By Christian Viveros-Fauné
By Miriam Felton-Dansky
By Tom Sellar
By Tom Sellar
By Jessica Dawson
By Tom Sellar
By R. C. Baker
By Tom Sellar
Written in 1978, John Guare's Marco Polo takes place in a 1999 that still seems fairly distant, though some of Guare's predictions are amazingly close to the mark in their off-kilter way. Like all good futurology, though, Guare's comedy is chiefly concerned with the past, that hideous mess the future is supposed to build on and hopefully transcend. And what a mess it is. The heroine, Diane, a concert pianist whose celebrity and beauty enrapture all the males around her, drifts haplessly from one entanglement to another. A child prodigy, she gave up her career when, as she recounts in one of the play's two best-known monologues, the great composers started to appear on her keyboard as dirty old men in raincoats, begging her to jerk them back to life. Diane's husband, Stony, the equally hapless and tormented son of celebrity porn stars from the now-mythic '60s, has tried to escape the world by moving with her to the tip of a Norwegian glacier, where he is filming an epic on the journeys of Marco Polo. Naturally, this doesn't stop the man Diane thinks she loves, Tom, a power-hungry political string-puller, from flying up to lure her out of her marriage--which, he is warned, doesn't mean taking her away from her third follower, Larry, who has lost his legs in an encounter with Diane's automobile and now lavishes doglike adoration on her in lieu of blame.
Apart from the demented flashes of world news supplied by Tom--Hawaii and Italy have been sunk by earthquakes, Middle East peace talks have resulted in the creation of "Saudi Israel"--little of this is futuristic, even for 1978. Science impinges on our glacier-bound quadrangle through the subplot, involving another world hero, the astronaut Frank Schaeffer, who has been circling the universe for years in search of "the planet that can feed the world." Schaeffer and his wife, Skippy, are the celebrities' celebrities, objects of idolization and envy. The characters think Skippy is being held hostage in the White House--in the Lincoln Bedroom, appropriately--where she will be impregnated from outer space by "nuclear bolts" carrying Frank's semen. What they don't know is that she has escaped to their glacier, disguised as a Norwegian servant, and that Frank has come down to earth in pursuit of her.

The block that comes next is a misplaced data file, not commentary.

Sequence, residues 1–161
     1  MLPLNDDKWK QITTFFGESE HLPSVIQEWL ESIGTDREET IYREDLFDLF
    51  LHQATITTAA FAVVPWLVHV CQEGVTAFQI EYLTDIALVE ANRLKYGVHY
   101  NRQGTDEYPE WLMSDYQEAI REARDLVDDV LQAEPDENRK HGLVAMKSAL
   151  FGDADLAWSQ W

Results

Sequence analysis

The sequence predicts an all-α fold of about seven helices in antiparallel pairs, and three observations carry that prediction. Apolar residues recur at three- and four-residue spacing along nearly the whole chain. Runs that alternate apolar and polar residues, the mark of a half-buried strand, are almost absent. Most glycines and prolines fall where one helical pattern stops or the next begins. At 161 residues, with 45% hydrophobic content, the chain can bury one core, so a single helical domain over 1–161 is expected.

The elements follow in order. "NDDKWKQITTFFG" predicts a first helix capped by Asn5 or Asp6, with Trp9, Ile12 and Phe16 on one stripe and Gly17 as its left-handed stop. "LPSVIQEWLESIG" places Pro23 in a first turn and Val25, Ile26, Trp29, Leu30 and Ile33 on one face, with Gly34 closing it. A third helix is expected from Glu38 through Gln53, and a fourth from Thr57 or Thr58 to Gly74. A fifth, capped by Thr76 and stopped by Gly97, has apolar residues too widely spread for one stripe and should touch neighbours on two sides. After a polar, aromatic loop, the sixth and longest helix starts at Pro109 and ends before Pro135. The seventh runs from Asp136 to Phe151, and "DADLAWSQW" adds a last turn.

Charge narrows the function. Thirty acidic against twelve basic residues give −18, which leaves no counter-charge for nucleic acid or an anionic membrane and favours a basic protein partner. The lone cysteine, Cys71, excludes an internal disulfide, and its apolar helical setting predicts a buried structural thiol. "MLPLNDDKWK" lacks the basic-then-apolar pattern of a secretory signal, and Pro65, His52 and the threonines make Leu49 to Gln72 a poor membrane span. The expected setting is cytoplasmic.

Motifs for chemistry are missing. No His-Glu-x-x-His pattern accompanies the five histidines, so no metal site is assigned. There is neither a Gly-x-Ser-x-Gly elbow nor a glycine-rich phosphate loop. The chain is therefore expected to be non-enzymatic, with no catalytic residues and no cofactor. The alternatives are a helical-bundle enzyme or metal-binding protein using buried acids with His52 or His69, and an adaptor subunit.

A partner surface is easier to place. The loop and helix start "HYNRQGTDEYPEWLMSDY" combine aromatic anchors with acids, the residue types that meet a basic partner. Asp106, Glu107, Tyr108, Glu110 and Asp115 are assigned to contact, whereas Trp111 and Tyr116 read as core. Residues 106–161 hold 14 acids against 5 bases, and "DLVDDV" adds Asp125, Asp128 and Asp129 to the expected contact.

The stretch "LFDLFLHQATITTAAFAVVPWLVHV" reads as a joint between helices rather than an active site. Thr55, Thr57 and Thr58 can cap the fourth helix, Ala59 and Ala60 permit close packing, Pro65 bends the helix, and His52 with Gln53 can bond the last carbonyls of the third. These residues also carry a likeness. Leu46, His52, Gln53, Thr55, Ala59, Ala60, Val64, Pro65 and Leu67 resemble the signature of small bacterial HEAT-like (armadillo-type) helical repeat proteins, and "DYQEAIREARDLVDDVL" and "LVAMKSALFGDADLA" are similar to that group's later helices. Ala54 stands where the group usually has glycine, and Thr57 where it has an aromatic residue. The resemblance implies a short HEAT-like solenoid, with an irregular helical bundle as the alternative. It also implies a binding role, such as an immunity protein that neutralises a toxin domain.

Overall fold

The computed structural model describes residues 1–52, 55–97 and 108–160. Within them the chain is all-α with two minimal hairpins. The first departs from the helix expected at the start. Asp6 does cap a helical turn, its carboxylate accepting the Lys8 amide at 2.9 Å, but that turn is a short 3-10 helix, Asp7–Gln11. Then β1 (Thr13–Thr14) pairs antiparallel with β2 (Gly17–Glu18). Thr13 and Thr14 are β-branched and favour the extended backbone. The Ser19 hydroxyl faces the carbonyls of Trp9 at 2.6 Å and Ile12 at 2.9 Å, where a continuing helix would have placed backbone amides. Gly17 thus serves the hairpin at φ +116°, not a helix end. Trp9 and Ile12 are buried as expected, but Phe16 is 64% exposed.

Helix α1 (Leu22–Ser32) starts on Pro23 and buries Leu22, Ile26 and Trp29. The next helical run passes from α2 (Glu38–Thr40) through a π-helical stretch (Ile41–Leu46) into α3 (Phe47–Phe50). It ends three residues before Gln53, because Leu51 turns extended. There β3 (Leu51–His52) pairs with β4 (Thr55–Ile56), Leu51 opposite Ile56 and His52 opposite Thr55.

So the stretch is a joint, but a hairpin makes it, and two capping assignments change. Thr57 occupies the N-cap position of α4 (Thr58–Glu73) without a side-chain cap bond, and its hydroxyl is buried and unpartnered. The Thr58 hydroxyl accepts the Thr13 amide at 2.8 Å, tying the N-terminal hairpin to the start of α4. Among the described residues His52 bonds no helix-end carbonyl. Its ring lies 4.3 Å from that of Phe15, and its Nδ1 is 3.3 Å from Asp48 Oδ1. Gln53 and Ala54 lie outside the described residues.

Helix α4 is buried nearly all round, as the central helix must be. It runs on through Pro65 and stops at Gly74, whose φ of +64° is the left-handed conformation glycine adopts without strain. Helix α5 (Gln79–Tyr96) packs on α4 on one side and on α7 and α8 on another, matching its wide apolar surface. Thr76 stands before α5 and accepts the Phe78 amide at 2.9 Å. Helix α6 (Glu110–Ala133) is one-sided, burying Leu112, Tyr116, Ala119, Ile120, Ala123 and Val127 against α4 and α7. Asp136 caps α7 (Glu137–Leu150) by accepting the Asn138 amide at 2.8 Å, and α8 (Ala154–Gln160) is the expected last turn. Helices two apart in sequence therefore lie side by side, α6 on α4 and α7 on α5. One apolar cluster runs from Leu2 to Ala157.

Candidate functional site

Skippy's nuclear insemination precipitates all manner of disasters and mutations, including a rerouting of the Gulf Stream to the Arctic, so that flash-frozen tropical birds litter the landscape, inspiring Guare's most gloriously preposterous line: "I don't know much about symbols, but I'd say when frozen flamingos fall out of the sky, good times are not in store." And, indeed, they aren't. The few scraps of happiness and understanding that wait for a few surviving characters at the end must be scraped off the wreckage of the present, with future menaces waiting just offstage. Chaos, somebody remarks early on, is the natural condition of life; accepting it is the best thing we can do.